"Monitoring results obtained by the environmental department show that with the rise of the water level, the quality of the water has in fact improved instead of deteriorated," this official tells me.
Raising and lowering the river water may cause alarm, yet doing nothing exposes the river and its people to devastating floods. More than a million people have been killed. Millions more left homeless by flooding on the Yangtze over the past 100 years.
The Three Gorges Reservoir, hundreds of the feet deep, nearly 400 miles long, is designed to control the 100 year floods, protecting 15 million people from flood damage.
Then there is China's hunger for power. These huge generators will produce enough energy to equal 15 nuclear power plants. The hydropower plant is the biggest in the world. It's transmission range, 1,000 kilometers, doing away with dirty coal fuel and providing millions with reliable electricity.
As with everything connected to this project, the numbers are massive.
(on camera): Seventeen years to build, a cost of $25 billion U.S., at its peak, 30,000 workers. And at the center of it all, one man.
You're racing against time.
(voice-over): Cao Quanjing is the man in charge of pulling all of this together. Only 38 years old, he is vice president of the project. He spent 20 years working on this in one way or another, planning and then constructing.
From boy to man, he has heard the criticism, the questions about cracks in the dam. He admits to a few, now fixed, but is confident it will stand any test.
CAO QUANJING, THREE GORGES DAM PROJECT: We have advisors from United States and from Austria and also from Japan. We also have international (INAUDIBLE) expertise and we can prove that.
GRANT: Now the end is in sight. Cao Quanjing says under-budget and ahead of time. Chairman Mao's ode to a new landscape admired by the Gods almost a reality.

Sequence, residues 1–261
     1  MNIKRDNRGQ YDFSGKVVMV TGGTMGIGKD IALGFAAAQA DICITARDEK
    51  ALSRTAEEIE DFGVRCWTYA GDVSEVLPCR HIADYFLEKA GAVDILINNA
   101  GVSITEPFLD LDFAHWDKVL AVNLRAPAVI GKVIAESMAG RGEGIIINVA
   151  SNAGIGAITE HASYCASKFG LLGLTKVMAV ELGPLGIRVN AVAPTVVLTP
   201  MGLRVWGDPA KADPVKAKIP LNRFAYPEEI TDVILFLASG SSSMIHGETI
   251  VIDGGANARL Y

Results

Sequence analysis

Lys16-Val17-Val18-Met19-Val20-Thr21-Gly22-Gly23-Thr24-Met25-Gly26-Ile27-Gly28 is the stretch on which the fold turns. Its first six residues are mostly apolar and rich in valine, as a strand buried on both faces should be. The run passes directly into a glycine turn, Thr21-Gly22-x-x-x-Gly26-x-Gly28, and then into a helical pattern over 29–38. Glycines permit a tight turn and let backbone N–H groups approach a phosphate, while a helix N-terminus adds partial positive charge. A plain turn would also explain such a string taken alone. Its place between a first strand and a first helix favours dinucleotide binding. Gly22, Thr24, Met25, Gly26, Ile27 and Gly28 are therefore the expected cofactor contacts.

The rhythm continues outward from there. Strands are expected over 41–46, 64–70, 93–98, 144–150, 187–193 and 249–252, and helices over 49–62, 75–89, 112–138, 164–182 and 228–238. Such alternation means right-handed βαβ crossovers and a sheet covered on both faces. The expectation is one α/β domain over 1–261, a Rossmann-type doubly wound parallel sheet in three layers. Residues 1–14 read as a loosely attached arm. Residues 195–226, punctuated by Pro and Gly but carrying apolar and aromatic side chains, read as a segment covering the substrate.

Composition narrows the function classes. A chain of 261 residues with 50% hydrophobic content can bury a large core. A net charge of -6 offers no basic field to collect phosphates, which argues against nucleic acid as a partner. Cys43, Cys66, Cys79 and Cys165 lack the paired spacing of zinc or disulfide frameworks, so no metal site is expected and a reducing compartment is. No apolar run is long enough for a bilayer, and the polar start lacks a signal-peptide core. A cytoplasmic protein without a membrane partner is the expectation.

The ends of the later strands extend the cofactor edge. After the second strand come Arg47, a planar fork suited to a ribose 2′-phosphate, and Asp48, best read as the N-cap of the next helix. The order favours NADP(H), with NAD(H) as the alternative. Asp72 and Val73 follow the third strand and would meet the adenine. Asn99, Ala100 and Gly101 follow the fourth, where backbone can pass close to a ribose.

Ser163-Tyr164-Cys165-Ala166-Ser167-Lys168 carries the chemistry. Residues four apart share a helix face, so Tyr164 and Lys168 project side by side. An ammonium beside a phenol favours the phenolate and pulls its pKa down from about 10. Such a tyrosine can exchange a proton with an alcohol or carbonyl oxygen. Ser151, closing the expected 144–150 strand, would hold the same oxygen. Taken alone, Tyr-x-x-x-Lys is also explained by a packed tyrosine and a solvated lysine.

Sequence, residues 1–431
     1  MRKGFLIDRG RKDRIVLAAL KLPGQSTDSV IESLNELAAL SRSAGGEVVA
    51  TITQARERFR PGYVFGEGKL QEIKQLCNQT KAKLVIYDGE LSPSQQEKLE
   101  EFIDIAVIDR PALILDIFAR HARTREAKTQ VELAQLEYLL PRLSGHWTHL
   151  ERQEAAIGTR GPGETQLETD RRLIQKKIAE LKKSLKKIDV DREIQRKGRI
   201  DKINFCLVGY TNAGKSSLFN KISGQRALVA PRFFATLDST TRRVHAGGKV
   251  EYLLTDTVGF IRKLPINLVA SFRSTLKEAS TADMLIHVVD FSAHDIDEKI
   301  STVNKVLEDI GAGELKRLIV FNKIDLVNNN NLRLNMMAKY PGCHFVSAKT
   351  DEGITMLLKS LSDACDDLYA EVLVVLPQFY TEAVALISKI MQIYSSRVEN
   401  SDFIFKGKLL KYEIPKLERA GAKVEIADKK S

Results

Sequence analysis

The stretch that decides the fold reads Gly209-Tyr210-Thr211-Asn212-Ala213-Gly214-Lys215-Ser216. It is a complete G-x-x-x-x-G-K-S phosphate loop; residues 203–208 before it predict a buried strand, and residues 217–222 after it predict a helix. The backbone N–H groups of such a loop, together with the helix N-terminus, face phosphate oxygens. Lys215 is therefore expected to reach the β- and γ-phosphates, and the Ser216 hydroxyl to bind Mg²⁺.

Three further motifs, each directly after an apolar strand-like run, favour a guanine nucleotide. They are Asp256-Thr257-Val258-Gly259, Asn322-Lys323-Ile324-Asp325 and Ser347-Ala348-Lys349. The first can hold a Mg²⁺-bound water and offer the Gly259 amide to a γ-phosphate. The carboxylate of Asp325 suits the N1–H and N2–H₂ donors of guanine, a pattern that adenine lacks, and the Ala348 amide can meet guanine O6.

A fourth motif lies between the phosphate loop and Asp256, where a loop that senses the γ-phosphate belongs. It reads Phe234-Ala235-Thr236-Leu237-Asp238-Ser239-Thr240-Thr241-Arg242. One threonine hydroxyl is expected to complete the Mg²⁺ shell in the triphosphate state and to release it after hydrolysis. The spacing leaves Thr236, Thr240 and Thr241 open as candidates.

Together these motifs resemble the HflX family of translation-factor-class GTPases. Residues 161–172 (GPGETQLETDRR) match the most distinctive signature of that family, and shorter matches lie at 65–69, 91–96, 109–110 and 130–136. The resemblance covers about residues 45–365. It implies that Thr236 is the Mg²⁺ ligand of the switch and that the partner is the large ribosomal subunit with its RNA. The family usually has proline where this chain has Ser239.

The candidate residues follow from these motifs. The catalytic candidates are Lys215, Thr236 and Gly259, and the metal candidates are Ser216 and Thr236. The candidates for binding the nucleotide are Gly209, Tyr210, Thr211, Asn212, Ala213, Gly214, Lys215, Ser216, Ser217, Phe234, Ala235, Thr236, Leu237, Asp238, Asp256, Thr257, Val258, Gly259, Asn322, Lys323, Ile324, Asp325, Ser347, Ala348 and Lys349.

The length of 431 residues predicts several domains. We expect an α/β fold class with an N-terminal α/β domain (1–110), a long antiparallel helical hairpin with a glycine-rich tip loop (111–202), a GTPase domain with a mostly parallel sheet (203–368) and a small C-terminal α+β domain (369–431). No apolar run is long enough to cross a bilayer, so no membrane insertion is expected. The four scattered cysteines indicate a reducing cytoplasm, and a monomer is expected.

(on camera): The Chinese government finds itself in a bind. This is a classic story of people versus progress, development versus the environment, and there are no easy answers. What's at stake here is more than just this wondrous beauty but the very social fabric of the country itself.
(voice-over): Twice a month these people come here to worship at this tiny temple. It has been for them a timeless ritual. No more.
Time is against them. Soon their temple will be gone and their town lost to the rising waters of the Yangtze River. Victims of the dam project the government says is in their best interests.
"How can poor people afford to move? They have a problem even to make a living. Most survive on the lowest Social Security fund from the government, about 100 yuen. How to solve our life problems? We have no place to live and many of us are old people and children," she says.
This is the human cost of progress. Hundreds of towns and villages are being swallowed up as the river is flooded for the Three Gorges dam project. More than a million people are losing their homes, their livelihoods, families and friends separated.
It is a sensitive issue for the government. They are keen to show us the success of their relocation program. They take us to model relocated villages where the people tell us they are living better lives in better houses, closer to work and schools.
This lady tells me how the government has provided her with clean, cheap energy, piping methane gas produced by her pigs straight into her home.
"Our living standard has improved indeed. We thank the party and the government. It's much more convenient then before," she says.
Some people are better off. But stay here long enough and a different reality emerges. Even in the most controlled environment, people speak out, telling us about allegations of corruption, money not paid, land lost and fears of an uncertain future.
"Corruption. We should investigate corrupted issues and ask them to compensate the economic losses to our country," he tells me.
Lu Yun Chen (ph) is a farmer in Chingshe (ph). 80 years old, he has lived through the old and new China.
He has a picture of Chairman Mao and reveres it still.
"He is the family God," he tells me, "and we respect him. I told my sons and grandsons we rely on Chairman Mao's revolution."